What Does a Ruby Engagement Ring Mean?

Last Updated on July 11, 2022

The ruby is a lovely alternative to the diamond for an engagement ring, as it is the birthstone for those born in July. This stunning crimson gemstone has been adored by people for centuries and is highly valued by royalty.

What does a ruby engagement ring signify? We go into further detail about it in our post.

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What Does a Ruby Engagement Ring Mean?

Rubies are regarded to represent a variety of things. Some people think they’re a physical representation of passionate, enduring love.

Many females throughout history have been characterized as being extremely enthusiastic women with a flair for drama and action. The ruby is the ideal gemstone for a fearless and gorgeous bride.

Rubies are said to be fire that has been hardened, and they are believed to have the ability to kindle a heart’s desire as well as reconcile couples who may be at odds.

Rubies have been connected with love and romance since the dawn of time. They are believed to be mystical gems that collect and amplify light and energy, bringing a sense of well-being to the person wearing it.

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When lovers quarrel, rubies are said to become darker in color, although this is merely ruby folklore.

Rubies are said to be linked to the sun’s energy, and wearers will have a surge of new passion, energy, and vitality. This same power is also supposed to revitalize the heart chakra, purify the blood and body, and assist in emotional and physical balance.

Rubies have been used for physical healing and, in powdered form, were utilized during the 13th century to cure liver ailments.

Rubies are also believed to emanate sexual energy, increasing lust and encouraging intimacy. One more incentive they have with couples about to get married!

Rubies are associated with warmth, humanity’s existence in the world, love, trust, faithfulness, integrity, happiness, bravery, vitality, truth, and uniqueness. Some people refer to the ruby as the “Stone of Nobility.” The ruby is also known as the “King of Gems.”

What Are Rubies?

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Rubies, or rubies, are a color that comes from the Latin term “Ruben,” which means “red.” Rubies are actually red sapphires from the Corundum family, one of the eight gemstones.

In reality, a ruby is any color other than red, and it isn’t called a ruby anymore; it’s called a sapphire. A sapphire must be between orange-red and purple-red to be called a ruby.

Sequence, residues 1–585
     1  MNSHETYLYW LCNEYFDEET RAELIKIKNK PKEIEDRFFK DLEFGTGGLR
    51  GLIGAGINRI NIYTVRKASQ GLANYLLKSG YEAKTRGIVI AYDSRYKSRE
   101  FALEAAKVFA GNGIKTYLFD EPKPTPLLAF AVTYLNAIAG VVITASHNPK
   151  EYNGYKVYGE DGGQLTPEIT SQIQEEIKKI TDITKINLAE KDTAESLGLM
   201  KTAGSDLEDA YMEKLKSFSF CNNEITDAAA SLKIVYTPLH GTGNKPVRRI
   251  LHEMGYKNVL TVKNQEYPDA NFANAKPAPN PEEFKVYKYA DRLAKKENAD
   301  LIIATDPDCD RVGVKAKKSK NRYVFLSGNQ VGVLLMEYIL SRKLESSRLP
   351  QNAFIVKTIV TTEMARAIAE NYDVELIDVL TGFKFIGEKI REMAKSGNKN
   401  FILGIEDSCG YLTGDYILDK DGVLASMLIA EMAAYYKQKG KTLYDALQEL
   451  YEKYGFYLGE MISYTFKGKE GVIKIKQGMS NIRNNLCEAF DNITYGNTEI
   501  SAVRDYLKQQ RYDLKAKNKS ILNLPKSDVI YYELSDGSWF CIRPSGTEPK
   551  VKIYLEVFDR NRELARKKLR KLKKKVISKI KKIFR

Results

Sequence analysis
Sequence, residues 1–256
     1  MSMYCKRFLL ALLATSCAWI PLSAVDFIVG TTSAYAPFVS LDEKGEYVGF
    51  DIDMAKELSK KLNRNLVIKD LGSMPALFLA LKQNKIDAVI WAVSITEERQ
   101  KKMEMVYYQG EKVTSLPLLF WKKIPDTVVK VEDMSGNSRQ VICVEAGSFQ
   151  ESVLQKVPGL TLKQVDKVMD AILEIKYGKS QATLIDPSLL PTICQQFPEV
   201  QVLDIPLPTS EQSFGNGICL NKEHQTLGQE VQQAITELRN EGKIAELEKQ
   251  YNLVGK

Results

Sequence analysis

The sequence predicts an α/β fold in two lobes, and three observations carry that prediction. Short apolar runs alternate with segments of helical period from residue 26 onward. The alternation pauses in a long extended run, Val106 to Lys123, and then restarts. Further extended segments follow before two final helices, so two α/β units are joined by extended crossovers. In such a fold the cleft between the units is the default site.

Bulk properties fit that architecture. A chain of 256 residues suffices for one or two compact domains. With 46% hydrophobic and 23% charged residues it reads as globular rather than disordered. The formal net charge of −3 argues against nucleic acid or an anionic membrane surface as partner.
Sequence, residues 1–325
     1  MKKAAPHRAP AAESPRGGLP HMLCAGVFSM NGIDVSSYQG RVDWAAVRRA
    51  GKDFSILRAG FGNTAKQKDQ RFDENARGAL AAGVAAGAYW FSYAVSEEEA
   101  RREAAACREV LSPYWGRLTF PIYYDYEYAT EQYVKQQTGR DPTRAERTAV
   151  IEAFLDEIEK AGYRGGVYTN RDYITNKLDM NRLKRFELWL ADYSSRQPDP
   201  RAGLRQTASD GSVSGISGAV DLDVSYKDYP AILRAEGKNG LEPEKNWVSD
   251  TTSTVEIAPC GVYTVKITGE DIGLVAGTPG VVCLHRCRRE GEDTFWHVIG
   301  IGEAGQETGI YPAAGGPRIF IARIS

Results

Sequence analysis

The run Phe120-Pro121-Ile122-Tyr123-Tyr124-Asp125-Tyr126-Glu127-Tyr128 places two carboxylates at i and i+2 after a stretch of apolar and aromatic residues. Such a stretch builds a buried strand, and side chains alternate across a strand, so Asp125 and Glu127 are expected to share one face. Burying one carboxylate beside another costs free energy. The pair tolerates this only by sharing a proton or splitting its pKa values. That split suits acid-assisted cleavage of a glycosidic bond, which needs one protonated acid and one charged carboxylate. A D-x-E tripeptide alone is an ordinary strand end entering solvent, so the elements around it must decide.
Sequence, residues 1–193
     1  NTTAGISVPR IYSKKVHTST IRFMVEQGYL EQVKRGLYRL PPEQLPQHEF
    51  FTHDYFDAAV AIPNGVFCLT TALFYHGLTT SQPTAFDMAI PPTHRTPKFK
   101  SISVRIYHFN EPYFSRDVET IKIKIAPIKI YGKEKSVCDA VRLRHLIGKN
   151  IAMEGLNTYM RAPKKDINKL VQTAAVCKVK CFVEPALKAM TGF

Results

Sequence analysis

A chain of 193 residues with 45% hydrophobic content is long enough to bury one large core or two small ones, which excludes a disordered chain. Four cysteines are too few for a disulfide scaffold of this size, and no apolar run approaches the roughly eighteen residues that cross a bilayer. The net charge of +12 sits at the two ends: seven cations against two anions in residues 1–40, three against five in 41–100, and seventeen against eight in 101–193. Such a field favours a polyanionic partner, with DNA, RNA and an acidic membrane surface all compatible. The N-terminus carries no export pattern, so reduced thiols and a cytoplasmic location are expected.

The border between a ruby and a sapphire is determined by the color pink.

Rubies are quite hard and durable, similar to diamonds. With no cleavage, they have a Mohs hardness of 9.0, just shy of the same level of hardness as a diamond.

Their durability makes keeping them clean a cinch. They’re less prone to harm and are therefore easier to keep clean. If they’ve had bad modifications, though, their stability may have been harmed.

History of the Ruby

The first diamond engagement ring was presented to Mary of Burgundy in 1477 by Archduke Maximillian of Austria, according to history. For ages, they were extremely hard to come by and prized due to their scarcity.

Over time, miners discovered even more diamonds in African mines, and diamond rings became the go-to engagement ring accessory in the United States during the 1930s.

In the midst of the Great Depression, diamonds retained their popularity and value, making them a fantastic financial investment during tough times as well as treasured family heirlooms to be handed down through the generations.

Rubies were also highly valued. Simultaneously with the beautiful diamond, rubies reigned supreme in popularity.

Rubies and diamonds were frequently linked together as a sign of eternal love and unshakable fortitude during the 17th and 18th centuries. Rubies and diamonds were used to make romantic-looking engagement rings, which featured rubies as side stones and diamonds as the main stone.

To make engagement rings more affordable, they began using rubies as the main stones and tiny diamonds as the side stones, which is still a popular design today, especially for those on a budget.

Value of a Ruby

To get the most out of the stone, you’ll need a skilled and accurate cut to ensure that it is worth its best. While synthetic rubies in a variety of sizes are available, you won’t find a natural ruby larger than 3 carats very often.

Larger gemstones are extremely unusual.

Rubies are highly valued in Asian civilizations. Rubies are quite popular in India, signifying great power. Many Indian royalty wear rubies as a sign of their status and offer rubies to honor gods as gifts.

Rubies are said to be the perfect stones for a king. According to them, if you bring rubies to Krishna in your next life, you will be reborn as an Emperor.

Jackie Palmer is a Houston-based coin journalist and fashion enthusiast. She joined Jewels Advisor’s content team after years of experience as a content strategist, managing blogs and social channels for local stores. Jackie mostly collects and studies US coins produced during the 20th century and over the years, published hundreds of articles for multiple coin publications.